From there on in, it's basically one brawl after another around the dockyard area. The maps lay things out OK, and for at least a couple are based on Paizo Flipmat product, so if you like largescale maps to lay before the players (or use miniatures in combat) you can get hold of ones which match the ones given here. Apart from questioning vanquished foes (or rescued kidnap victims) there's little in the way of interaction apart from at the point of a sword. The Faction missions interlock quite neatly, and could bring about a bit of party conflict depending on which factions are represented.

Overall it's a reasonable low-level adventure provided you are happy to let your sword do your talking. The backstory is good, but unless the party captures rather than kills the mastermind behind it all and then get him to talk at length, it's unlikely that the players will discover what's going on. However, if you are mining this module for your own campaign, you might wish to expand on it to run a whole sequence of adventures...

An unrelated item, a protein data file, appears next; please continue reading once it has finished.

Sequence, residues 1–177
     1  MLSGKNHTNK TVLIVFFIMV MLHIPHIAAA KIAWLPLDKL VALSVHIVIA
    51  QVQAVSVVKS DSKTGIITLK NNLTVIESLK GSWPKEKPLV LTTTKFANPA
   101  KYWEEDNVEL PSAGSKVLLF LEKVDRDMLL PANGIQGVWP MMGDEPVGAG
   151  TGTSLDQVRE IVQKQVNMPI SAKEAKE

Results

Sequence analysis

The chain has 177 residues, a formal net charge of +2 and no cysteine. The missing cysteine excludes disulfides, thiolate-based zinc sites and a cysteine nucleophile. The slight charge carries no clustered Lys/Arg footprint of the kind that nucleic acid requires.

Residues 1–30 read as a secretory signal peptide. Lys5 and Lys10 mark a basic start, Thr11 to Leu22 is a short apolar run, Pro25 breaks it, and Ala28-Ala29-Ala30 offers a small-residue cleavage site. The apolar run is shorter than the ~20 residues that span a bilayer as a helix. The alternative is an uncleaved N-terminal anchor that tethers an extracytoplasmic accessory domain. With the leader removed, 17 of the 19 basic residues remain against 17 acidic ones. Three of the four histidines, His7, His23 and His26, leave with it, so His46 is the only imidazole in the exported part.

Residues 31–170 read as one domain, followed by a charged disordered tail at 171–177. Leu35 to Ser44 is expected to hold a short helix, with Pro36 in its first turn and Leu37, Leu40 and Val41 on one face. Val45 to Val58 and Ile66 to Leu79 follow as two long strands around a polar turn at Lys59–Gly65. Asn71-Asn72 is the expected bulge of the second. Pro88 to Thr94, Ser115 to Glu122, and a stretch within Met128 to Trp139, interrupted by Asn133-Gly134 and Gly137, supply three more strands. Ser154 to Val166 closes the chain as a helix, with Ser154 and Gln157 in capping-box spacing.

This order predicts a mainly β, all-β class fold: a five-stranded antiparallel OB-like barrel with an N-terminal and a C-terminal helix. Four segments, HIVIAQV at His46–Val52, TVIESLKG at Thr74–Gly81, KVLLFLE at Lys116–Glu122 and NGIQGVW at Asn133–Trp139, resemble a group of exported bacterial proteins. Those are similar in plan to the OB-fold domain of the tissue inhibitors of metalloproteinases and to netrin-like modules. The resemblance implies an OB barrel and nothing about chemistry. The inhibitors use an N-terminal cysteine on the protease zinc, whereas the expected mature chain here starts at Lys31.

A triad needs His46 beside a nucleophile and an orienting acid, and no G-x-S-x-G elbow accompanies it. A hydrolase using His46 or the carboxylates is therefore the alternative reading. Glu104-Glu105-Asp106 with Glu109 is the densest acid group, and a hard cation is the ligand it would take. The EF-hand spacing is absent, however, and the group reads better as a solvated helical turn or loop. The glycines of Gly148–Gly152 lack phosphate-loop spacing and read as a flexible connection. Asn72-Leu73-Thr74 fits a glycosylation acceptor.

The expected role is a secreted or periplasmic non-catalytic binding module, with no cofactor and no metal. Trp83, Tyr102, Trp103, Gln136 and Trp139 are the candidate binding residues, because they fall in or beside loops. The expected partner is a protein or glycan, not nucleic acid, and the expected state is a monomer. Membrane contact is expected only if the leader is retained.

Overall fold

Okay but with many problems

3/5

Have played and runned for all three tiers.

It's a combat-central module, simple and recommeded for new players.

However, as a season 1 scenario, there are so many problems. First, some monster's stats are incorrect, especially the two clerics. Then, the combats don't scale well, the BBEG is much less poweful than the girl cleric in tier 1-2... Tier 3-4 is too underpowered like a cakewalk. Some enemies are too easy for tier 6-7, for instance the guy on the coverpage...

The story background is facinating, but hard to involed for most GMs, very easy to run just keep fighting, and the cooperation with Aspis disappears so quickly, nothing connected with this module.